The ultimate proof of the success of the whole venture is the high esteem in which the CDs are regarded by the normal audience for these regional styles of music. I can’t judge the outcome of the stated objective of calling attention to this music for outsiders because I don’t have any reliable way to measure its impact. The series is very much out of print and sought after by people interested in this stuff. In some cases the artists themselves don’t even have original copies. When I was trying to buy them all, I was instructed by a couple of the artists to go buy a pirated copy at the only local music store (who specializes in CD-Rs of regional music). The artists themselves had long ago loaned out their copies and never saw them again.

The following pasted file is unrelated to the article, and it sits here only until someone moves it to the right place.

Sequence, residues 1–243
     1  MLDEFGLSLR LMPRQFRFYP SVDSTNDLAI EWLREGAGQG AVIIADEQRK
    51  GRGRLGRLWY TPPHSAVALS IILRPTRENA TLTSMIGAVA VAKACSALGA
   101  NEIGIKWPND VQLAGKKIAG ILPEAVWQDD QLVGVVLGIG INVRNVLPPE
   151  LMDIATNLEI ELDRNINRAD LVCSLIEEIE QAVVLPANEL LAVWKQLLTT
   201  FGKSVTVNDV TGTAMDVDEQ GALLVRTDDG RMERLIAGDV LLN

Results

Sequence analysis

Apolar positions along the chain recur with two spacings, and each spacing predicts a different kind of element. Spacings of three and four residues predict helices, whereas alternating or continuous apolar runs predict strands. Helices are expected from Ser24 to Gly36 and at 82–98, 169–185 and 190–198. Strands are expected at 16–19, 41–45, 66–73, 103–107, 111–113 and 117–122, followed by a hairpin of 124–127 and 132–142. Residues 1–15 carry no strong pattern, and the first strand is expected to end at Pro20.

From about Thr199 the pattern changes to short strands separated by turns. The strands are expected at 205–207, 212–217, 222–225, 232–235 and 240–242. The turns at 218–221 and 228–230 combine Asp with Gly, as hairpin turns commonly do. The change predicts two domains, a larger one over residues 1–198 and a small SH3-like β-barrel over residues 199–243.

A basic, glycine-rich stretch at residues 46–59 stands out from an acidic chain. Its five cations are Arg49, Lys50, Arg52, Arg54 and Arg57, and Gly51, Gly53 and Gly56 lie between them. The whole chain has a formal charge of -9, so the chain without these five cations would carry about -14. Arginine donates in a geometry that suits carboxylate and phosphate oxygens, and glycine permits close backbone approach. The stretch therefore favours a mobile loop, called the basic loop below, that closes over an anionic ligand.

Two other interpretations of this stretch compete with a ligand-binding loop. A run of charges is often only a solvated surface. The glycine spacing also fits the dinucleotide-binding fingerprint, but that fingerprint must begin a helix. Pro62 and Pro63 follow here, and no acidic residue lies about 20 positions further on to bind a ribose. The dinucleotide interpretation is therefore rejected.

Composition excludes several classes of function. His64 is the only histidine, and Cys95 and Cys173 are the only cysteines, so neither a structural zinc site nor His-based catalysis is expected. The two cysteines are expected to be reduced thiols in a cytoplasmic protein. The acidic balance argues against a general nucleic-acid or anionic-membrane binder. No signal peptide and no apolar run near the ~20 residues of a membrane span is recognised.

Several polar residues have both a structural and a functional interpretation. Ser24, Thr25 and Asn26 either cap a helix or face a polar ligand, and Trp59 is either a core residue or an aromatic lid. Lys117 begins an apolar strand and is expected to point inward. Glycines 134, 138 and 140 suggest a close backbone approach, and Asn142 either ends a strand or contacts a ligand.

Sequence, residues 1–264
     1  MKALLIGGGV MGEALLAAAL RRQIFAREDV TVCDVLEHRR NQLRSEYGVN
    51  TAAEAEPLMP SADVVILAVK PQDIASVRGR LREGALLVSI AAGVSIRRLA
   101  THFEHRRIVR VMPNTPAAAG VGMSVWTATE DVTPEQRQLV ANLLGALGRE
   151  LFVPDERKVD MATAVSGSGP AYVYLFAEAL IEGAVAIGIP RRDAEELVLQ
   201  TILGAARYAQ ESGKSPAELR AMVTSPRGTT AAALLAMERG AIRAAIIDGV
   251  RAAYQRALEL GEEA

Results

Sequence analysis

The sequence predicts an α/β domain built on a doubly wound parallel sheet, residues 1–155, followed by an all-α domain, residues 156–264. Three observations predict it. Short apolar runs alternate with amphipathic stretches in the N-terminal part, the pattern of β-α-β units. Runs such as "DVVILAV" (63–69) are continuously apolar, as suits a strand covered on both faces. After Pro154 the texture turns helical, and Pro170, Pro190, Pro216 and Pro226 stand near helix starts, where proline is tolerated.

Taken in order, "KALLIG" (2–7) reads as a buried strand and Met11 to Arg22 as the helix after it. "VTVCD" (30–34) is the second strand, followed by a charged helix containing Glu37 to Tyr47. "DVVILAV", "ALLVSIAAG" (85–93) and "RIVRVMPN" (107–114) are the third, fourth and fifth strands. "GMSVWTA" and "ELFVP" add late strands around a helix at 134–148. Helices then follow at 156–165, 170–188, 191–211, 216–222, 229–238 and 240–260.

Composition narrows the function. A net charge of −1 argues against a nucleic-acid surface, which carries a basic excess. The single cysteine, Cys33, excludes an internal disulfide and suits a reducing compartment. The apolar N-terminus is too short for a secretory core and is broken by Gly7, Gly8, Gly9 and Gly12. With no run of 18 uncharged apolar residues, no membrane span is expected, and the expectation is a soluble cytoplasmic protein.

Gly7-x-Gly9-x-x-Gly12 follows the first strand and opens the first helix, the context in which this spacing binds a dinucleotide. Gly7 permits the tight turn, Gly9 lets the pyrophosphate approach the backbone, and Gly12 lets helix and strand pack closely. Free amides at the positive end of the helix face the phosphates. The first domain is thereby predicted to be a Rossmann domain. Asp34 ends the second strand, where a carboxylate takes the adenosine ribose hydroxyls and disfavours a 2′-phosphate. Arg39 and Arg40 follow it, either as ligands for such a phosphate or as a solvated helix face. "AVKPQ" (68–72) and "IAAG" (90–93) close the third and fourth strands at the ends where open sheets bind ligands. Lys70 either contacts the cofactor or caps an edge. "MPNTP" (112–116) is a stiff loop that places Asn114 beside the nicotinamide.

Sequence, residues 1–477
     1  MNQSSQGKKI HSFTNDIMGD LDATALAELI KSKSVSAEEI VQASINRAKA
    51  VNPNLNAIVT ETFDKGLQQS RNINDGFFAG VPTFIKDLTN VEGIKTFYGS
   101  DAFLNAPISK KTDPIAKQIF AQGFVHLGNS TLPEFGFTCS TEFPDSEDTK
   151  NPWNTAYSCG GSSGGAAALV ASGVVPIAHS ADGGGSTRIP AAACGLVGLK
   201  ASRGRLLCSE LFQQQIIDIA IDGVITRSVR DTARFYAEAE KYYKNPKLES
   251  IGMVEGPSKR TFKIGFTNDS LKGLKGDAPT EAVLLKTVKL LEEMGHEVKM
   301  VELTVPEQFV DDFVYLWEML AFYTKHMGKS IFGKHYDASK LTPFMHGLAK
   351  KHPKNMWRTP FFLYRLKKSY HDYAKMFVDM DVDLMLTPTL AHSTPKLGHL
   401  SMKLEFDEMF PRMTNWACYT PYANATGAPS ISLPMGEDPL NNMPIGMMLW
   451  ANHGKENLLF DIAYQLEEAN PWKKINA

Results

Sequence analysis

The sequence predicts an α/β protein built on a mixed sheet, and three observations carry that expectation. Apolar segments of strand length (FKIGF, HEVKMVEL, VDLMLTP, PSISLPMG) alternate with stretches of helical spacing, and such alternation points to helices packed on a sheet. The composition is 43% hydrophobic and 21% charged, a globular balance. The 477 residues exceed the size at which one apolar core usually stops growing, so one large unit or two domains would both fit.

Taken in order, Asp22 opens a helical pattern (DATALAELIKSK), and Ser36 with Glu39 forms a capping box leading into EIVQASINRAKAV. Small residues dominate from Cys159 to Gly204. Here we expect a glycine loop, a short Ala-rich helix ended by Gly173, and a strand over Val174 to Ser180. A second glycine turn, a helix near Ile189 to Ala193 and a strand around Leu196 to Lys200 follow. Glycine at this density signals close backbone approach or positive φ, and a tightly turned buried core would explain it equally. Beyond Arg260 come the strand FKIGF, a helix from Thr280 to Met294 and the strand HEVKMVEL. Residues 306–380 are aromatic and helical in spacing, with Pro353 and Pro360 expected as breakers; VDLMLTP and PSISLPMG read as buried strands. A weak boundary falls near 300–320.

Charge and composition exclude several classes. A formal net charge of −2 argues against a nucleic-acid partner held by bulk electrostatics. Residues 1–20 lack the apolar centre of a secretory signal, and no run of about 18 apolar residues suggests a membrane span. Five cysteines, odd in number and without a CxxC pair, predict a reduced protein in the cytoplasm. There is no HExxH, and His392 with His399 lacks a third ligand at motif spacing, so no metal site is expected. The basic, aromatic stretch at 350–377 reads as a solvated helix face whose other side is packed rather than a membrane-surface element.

This title was one I managed to find in a shop way up north along the border of Pernambuco and Paraíba. I found two titles there, and scored a few more as gifts from Siba himself, with his blessing to distribute them far and wide since it is anybody’s guess if another pressing will ever be made. I managed to get secure rips of one or two others from friends who owned originals. I haven’t yet made good on my vow to distribute these far and wide, but better late than never. It is the month of Festas Juninas, a prolonged holiday that is really only commemorated in the northeast aside from some tepid folkloric events elsewhere in the country or the more animated parties held in local neighborhoods of Nordestino migrants in São Paulo or in Rio (where the place to be right now is the Feira de São Cristovão in the Zona Norte). So I will try to share as many of these as I can get uploaded before the month closes.